Former Kentucky State Prison Sergeant Convicted of Violating Civil Rights of an Inmate and Obstruction of Justice
A federal jury today convicted a Michigan man for conspiring with others and defacing Temple Jacob, a Jewish synagogue in Hancock with swastikas and symbols associated with The Base, a multi-state, white supremacist group.
Nathan Weeden, 23, of Houghton, was convicted of one count of conspiring to injure, oppress, threaten or intimidate any person in the exercise of their rights and one count of intentionally defacing, damaging or destroying religious property because of the race or ethnic characteristics of individuals associated with that property. Weeden’s co-conspirators, Richard Tobin, of New Jersey, and Yousef Barasneh, of Wisconsin, both previously pleaded guilty to federal crimes related to the incident. Barasneh testified in the trial against Weeden.
“This defendant shamelessly desecrated Temple Jacob when he emblazoned swastikas — a symbol of extermination — on their Temple walls,” said Assistant Attorney General Kristen Clarke of the Justice Department’s Civil Rights Division. “Such conduct is unacceptable and criminal under any circumstances but doing so in furtherance of a self-described ‘Operation Kristallnacht’ conspiracy is beyond disgraceful. Antisemitism has no place in our society, and the Justice Department will aggressively prosecute white supremacists who seek to threaten and intimidate others from exercising their federally and constitutionally protected rights.”
“Today’s swift conviction sends a strong message that hate will not be tolerated in Michigan’s Upper Peninsula,” said U.S. Attorney Mark Totten for the Western District of Michigan. “No one should be the target of hate because of their race, ethnicity, religion or any other status. When hateful words become hateful acts, my office will use every tool we have to protect the public and secure justice.”
“People of all faiths deserve to feel safe in their communities,” said Special Agent in Charge Cheyvoryea Gibson of the FBI Detroit Field Office. “The FBI and our law enforcement partners will continue to hold those accountable whose hate-filled aggression violates the civil rights of others. For law enforcement to safeguard against hate and violence, we request the public’s assistance in reporting suspicious or threatening behavior by calling 1-800-CALL-FBI (1-800-225-5324) or submitting a tip online at tips.fbi.gov/home.”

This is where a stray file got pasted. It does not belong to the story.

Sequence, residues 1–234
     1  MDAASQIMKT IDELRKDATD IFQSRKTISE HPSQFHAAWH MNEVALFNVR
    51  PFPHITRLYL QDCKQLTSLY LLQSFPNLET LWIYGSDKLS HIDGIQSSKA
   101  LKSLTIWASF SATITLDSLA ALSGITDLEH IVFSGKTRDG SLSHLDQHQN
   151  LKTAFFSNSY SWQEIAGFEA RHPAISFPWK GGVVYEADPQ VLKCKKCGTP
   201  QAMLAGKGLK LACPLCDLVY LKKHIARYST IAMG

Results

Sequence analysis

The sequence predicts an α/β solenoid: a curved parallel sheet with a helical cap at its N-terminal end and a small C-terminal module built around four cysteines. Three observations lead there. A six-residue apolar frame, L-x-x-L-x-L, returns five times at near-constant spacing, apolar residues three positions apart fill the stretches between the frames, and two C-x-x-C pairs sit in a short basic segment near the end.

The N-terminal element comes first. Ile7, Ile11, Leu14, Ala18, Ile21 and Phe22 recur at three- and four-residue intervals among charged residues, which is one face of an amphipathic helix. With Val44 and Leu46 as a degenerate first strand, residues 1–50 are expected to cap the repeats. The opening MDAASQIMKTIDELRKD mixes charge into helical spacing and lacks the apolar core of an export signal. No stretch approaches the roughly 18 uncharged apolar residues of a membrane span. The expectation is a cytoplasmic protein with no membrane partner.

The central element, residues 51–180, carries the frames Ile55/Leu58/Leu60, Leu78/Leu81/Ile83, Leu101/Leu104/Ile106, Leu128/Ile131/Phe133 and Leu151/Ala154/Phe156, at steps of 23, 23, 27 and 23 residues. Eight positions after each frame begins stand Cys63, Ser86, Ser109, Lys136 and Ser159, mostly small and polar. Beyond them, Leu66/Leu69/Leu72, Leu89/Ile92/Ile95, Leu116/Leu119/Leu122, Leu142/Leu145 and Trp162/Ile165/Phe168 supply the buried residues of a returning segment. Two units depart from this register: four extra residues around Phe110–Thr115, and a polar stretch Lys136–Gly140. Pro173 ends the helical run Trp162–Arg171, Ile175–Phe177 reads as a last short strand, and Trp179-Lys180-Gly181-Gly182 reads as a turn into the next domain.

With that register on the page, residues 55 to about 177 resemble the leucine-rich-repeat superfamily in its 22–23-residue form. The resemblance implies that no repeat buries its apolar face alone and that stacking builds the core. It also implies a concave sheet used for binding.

“Hate and intimidation have no place in Michigan or our communities,” said Special Agent in Charge James Deir of the Bureau of Alcohol, Tobacco, Firearms and Explosives (ATF) Detroit Field Office. “The behavior in this conviction is most certainly disturbing, ignorant and intolerable. ATF is laser-focused on ensuring public safety by holding people accountable for their hate-inspired deplorable actions. Houses of worship need to remain safe places where people can go for spiritual redemption and growth. Any attack on a house of worship or a group of people is an attack on our very way of life in this great state.”
In September 2019, Weeden, Tobin and Barasneh, all members of The Base, used an encrypted messaging platform to discuss vandalizing property associated with African Americans and Jewish Americans. Weeden and his co-conspirators dubbed their plan, “Operation Kristallnacht,” which in German means “Night of Broken Glass.” This term referenced events that took place on Nov. 9 and 10, 1938, in which Nazis murdered Jews and burned and destroyed their homes, synagogues, schools and places of business. Weeden carried out this plan on Sept. 21, 2019, when he spray-painted swastikas and symbols associated with The Base on the outside walls of Temple Jacob.
A sentencing hearing will be scheduled at a later date. A federal district court judge will determine any sentencing after considering the U.S. Sentencing Guidelines and other statutory factors.
The FBI investigated the case with assistance from ATF and the Hancock Police Department.
Assistant U.S. Attorney Nils Kessler for the Western District of Michigan and Trial Attorney Eric Peffley of the Civil Rights Division’s Criminal Section prosecuted the case.